Jeremy Hill, RB, Cincinnati Bengals (LSU)
Hill has been an absolute monster since being selected in the second round of the 2014 draft. He ran for over 1,100 yards as a rookie, before tallying 11 rushing touchdowns last year (tied for tops in the NFL). Hill has a respectable 515 yards on the ground this season as the Bengals have limped to a 3-4-1 start.
Tyrann Mathieu, S, Arizona Cardinals (LSU)
“The Honey Badger” was a bona fide rock star in college during LSU’s run to the 2011 title game, and that has carried over to the NFL after a few rocky seasons. With 89 tackles and five interceptions a season ago, Mathieu was named first-team All-Pro and signed a five-year, $62.5 million extension.
Amari Cooper, WR, Oakland Raiders (Alabama)
This is where it all starts to get interesting, as Cooper has been one of the breakout stars for one of the NFL’s breakout teams over the past year and a half. Last season, he became the first Raider ever to tally over 1,000 yards receiving in his rookie year, and he has taken his game to the next level in 2016.
Cooper is third in the NFL with 52 catches, and is third with 787 receiving yards. Not bad for a second-year player who just turned 22 over the summer.
Getty ImagesEzra Shaw
Odell Beckham Jr., WR, New York Giants (LSU)
Beckham’s mini-regression season (and marriage proposal to a kicking net) shouldn’t take away from the fact that he’s been one of the most dynamic receivers in the league the past two seasons. In 2014, he tallied 91 catches for over 1,300 yards, and he topped 1,400 yards on 96 catches last year on his way to a second consecutive Pro Bowl.
Getty ImagesAl Bello
Jarvis Landry, WR, Miami Dolphins (LSU)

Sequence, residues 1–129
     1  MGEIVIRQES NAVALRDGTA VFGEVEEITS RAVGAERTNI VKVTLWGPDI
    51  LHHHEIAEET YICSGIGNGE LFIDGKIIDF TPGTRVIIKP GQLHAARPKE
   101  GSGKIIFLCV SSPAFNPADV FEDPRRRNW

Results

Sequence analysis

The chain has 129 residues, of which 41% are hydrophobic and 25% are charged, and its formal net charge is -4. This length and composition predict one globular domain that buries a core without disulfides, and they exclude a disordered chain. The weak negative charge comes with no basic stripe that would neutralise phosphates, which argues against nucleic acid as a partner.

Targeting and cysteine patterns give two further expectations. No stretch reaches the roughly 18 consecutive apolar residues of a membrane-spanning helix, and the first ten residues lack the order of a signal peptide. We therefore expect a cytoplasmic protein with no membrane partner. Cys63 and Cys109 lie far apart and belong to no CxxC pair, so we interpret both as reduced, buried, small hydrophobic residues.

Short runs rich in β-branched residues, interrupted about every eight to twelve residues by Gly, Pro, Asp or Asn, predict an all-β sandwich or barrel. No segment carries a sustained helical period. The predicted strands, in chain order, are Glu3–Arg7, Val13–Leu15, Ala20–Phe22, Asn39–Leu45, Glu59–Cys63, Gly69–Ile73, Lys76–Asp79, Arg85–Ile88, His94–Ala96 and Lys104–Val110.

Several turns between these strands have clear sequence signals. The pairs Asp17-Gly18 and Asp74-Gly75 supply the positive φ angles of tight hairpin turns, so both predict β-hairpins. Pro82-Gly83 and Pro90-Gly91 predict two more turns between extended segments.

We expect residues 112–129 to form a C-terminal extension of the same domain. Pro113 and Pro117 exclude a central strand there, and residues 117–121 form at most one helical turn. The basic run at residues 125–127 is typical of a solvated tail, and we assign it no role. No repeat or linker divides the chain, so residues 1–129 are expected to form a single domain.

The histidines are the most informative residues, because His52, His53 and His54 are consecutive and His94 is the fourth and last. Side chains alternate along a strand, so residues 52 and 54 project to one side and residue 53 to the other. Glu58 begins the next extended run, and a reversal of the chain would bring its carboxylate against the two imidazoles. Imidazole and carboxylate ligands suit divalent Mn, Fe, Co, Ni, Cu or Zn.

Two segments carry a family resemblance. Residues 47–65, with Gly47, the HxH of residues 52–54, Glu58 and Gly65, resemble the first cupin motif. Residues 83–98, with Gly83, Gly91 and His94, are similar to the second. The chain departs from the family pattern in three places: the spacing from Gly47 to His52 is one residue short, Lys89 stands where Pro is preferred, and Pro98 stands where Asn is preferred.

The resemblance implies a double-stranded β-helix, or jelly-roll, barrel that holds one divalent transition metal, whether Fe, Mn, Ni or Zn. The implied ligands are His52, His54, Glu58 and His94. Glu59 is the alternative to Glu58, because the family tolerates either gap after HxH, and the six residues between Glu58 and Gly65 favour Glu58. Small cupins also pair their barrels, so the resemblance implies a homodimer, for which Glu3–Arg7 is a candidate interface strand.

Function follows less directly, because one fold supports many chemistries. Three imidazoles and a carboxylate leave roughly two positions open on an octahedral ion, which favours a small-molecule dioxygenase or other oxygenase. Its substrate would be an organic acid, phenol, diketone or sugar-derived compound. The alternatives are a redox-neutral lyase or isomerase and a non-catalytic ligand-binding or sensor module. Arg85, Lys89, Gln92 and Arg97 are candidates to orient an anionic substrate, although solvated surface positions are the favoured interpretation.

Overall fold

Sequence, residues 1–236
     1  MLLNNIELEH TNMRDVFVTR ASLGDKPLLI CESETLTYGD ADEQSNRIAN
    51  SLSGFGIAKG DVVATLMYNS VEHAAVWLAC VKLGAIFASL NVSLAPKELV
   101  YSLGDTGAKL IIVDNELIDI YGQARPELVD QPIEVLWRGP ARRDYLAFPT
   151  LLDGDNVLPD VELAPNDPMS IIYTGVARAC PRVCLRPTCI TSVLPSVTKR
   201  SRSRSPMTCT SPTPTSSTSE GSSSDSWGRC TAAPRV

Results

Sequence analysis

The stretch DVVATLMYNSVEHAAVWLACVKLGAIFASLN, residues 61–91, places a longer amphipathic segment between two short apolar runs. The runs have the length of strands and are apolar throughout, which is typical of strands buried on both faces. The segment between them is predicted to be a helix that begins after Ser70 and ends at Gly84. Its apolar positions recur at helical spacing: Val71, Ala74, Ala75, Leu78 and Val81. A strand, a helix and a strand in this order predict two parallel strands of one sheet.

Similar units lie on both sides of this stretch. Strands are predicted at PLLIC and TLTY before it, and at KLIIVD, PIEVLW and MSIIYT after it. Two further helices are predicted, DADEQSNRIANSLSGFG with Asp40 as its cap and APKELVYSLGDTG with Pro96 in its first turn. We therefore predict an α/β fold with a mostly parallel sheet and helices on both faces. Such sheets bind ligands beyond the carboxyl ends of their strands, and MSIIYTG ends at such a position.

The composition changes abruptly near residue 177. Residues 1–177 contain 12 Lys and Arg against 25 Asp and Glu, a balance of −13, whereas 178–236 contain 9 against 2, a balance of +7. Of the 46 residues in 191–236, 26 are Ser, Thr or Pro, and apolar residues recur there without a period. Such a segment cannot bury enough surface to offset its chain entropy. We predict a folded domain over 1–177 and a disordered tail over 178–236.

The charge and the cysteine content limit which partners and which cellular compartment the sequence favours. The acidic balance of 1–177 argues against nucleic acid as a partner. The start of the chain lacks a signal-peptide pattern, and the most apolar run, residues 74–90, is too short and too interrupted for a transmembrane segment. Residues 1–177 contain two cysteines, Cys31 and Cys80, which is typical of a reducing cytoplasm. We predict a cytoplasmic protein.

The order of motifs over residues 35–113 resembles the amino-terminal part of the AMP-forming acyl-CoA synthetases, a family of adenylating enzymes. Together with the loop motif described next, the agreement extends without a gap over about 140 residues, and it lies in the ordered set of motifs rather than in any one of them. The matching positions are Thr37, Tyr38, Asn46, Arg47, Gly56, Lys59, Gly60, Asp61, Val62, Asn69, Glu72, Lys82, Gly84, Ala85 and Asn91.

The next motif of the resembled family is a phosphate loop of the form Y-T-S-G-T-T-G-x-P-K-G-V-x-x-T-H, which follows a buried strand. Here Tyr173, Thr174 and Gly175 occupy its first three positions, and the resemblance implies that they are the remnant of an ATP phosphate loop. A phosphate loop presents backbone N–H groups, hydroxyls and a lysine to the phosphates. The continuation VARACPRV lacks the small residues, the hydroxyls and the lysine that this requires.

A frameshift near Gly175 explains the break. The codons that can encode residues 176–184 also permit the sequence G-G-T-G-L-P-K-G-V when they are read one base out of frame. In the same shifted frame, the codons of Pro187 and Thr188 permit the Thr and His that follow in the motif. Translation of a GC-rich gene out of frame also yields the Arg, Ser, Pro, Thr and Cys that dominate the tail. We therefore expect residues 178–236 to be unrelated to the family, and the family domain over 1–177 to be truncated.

One of the great travesties in recent college football history is that for three years, Landry and Odell Beckham Jr. played in the same receiving corps at LSU and never could find a guy to throw them the ball (or was it Les Miles’ archaic offense?).
Landry has burst on the scene in the NFL, making the Pro Bowl last year with 110 catches. His 194 combined catches in his first two seasons (2014-15) are an NFL record.
Julio Jones, WR, Atlanta Falcons (Alabama)
Isn’t amazing that two programs, which basically lived in the dark ages with their passing games until a few years ago, could produce so many good NFL receivers? Jones may be the best, as he’s second in the NFL this season with 859 receiving yards, including a Falcons-record 300 against Carolina in Week 4 this year.
Even more impressive was what Jones did last year, when he caught 136 balls for an NFL-best 1,871 yards. This guy is a bona fide star and with the way the Falcons are playing this season, Jones is arguably the best receiver in the league.
Jason Getz-USA TODAY SportsJason Getz
Patrick Peterson, CB, Arizona Cardinals (LSU)
Peterson returned a Phillip Rivers interception for a touchdown on the first PLAY of his career and hasn't looked back in five seasons since. He is a five-time Pro Bowler and three-time All-Pro, and has added extra versatility on special teams throughout his career.
Peterson’s four punt returns for touchdowns as a rookie in 2011 are tied for an NFL record, proving that he isn’t just the best former Alabama or LSU player in the NFL, but is arguably the best overall player in the sport.